The University’s Faculty of Veterinary Medicine is regarded as the premier veterinary school in Egypt.
“This wasn’t kids on the street,” says SPARE founder and president, Amina Tharwat Abaza. “It happened under the eyes of the professors, the students, the teachers. These people are the basis of every animal abuse. They will graduate and go to work in the slaughterhouses, in the zoos, in the veterinary clinics,” she added.
The chain of events began with a Facebook message, at 9:24 pm on Friday, 27 April. A student of the Veterinary Faculty wrote on the Facebook group “Animal Rights Watch in Egypt” that animal rights are violated in the faculty, Zulfikar says.
“I asked him for explanation, proof, and evidence. He said groups of dogs are taken for research and experiments, and after being done with, the dogs are thrown from the 3rd floor, then tied, then grabbed. I asked for evidence. He said he had a video and some of the veterinary students, his colleagues, can testify. He then sent me the video,” Zulfikar explains.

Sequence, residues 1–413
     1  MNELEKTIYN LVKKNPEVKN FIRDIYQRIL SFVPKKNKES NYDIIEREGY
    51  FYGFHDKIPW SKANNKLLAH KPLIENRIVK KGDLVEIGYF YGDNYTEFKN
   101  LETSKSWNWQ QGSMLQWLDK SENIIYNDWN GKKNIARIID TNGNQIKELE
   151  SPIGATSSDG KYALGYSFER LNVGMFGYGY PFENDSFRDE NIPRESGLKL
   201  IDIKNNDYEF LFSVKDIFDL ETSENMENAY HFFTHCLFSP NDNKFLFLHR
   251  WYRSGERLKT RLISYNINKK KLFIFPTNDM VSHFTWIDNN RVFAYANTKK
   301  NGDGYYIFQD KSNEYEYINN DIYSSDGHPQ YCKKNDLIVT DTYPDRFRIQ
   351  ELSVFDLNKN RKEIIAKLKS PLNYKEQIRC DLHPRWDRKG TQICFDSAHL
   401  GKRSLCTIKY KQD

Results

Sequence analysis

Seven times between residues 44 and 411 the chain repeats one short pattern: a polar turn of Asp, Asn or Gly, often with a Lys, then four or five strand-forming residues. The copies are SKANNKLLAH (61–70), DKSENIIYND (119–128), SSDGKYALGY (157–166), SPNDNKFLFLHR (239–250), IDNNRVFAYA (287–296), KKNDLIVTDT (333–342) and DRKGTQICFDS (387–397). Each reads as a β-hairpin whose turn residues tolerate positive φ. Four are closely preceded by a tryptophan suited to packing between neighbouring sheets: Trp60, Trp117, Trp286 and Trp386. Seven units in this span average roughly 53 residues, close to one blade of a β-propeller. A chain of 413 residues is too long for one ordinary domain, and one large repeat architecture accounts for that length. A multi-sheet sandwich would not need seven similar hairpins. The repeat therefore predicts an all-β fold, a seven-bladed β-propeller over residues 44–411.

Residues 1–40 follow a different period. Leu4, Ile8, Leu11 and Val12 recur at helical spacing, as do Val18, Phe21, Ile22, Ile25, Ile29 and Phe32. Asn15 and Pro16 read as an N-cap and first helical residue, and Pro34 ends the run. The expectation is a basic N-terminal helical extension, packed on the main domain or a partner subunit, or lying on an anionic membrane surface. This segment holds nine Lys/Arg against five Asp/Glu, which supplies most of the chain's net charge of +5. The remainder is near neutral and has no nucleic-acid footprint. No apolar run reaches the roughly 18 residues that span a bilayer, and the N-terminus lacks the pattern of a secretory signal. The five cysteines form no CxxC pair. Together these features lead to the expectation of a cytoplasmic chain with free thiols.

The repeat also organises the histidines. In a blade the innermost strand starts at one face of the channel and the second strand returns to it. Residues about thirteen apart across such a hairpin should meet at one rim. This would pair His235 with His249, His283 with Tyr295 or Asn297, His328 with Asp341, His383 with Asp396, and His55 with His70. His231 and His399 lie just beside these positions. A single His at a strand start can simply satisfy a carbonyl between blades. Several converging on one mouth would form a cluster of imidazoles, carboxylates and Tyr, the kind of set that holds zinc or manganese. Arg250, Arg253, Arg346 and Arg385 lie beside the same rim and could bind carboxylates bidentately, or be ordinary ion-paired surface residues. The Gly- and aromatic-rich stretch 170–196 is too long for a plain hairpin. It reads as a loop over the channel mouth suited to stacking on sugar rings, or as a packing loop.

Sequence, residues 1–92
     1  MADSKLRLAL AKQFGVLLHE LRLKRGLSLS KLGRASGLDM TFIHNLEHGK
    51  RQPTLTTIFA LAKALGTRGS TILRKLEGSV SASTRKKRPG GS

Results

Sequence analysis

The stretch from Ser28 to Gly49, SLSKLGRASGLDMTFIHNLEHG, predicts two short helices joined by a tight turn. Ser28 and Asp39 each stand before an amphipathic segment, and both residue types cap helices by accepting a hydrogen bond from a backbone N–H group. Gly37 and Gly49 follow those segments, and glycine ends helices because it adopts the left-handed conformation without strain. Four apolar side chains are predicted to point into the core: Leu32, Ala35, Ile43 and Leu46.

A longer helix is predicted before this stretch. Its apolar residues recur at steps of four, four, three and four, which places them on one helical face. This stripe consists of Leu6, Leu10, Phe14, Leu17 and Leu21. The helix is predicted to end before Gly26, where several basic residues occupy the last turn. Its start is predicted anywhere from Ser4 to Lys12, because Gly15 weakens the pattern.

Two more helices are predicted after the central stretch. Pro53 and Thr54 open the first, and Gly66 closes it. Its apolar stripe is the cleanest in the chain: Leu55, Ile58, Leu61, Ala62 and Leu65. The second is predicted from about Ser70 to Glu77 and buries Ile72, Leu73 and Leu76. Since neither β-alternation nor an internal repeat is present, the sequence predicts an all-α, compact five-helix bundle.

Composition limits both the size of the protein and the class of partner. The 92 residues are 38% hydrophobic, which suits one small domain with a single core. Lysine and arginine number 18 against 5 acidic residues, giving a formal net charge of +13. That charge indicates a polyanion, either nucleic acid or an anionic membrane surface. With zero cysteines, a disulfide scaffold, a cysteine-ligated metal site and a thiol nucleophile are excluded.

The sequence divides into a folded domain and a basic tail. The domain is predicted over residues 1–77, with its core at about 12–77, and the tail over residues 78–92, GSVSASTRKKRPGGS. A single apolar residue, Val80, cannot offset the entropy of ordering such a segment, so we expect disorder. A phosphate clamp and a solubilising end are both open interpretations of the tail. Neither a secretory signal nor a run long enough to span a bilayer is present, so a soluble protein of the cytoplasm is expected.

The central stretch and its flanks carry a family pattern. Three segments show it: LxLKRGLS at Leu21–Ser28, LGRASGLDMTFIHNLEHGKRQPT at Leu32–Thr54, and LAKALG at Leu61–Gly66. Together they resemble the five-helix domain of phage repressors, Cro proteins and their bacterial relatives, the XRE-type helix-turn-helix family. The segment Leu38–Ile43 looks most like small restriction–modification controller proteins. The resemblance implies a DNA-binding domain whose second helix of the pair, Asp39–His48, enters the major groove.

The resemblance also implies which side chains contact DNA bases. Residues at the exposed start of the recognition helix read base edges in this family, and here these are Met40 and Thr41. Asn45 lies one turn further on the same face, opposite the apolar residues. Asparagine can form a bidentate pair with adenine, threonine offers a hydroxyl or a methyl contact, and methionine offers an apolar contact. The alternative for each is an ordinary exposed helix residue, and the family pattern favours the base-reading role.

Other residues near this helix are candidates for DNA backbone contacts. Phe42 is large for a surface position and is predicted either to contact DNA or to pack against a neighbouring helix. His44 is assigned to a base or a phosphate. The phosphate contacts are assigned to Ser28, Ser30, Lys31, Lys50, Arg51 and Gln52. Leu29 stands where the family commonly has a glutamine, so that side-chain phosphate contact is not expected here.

Zulfikar says that students and as well as workers in the nearby coffee shop are willing to testify to having seen live dogs thrown from the third floor window. She says the students contacted the Animal Rights Watch in Egypt Facebook page after an attempt to file a complaint against the doctor in charge failed.
Abaza says the prosecution’s case has dozens of witnesses.
After one of the students sent Zulfikar the video, she shared the YouTube link on the Facebook page. Events started to move quickly. Zulfikar phoned Dr. Shehab Osman, chairman of the Egyptian Federation of Animal Welfare. She forwarded him the video link.